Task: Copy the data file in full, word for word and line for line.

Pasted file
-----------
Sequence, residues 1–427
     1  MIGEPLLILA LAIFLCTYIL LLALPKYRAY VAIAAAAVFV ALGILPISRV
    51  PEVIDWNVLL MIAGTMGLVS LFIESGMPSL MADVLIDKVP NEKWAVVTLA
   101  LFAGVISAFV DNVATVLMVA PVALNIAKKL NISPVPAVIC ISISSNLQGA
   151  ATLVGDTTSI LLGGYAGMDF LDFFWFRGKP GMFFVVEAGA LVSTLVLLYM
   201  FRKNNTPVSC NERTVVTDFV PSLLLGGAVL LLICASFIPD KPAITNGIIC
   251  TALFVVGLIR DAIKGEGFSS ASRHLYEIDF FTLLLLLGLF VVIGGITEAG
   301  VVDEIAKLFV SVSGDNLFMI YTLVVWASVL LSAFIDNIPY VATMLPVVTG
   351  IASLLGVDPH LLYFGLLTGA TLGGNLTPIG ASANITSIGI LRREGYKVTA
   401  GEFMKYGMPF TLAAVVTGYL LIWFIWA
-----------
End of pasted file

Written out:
Sequence, residues 1–427
     1  MIGEPLLILA LAIFLCTYIL LLALPKYRAY VAIAAAAVFV ALGILPISRV
    51  PEVIDWNVLL MIAGTMGLVS LFIESGMPSL MADVLIDKVP NEKWAVVTLA
   101  LFAGVISAFV DNVATVLMVA PVALNIAKKL NISPVPAVIC ISISSNLQGA
   151  ATLVGDTTSI LLGGYAGMDF LDFFWFRGKP GMFFVVEAGA LVSTLVLLYM
   201  FRKNNTPVSC NERTVVTDFV PSLLLGGAVL LLICASFIPD KPAITNGIIC
   251  TALFVVGLIR DAIKGEGFSS ASRHLYEIDF FTLLLLLGLF VVIGGITEAG
   301  VVDEIAKLFV SVSGDNLFMI YTLVVWASVL LSAFIDNIPY VATMLPVVTG
   351  IASLLGVDPH LLYFGLLTGA TLGGNLTPIG ASANITSIGI LRREGYKVTA
   401  GEFMKYGMPF TLAAVVTGYL LIWFIWA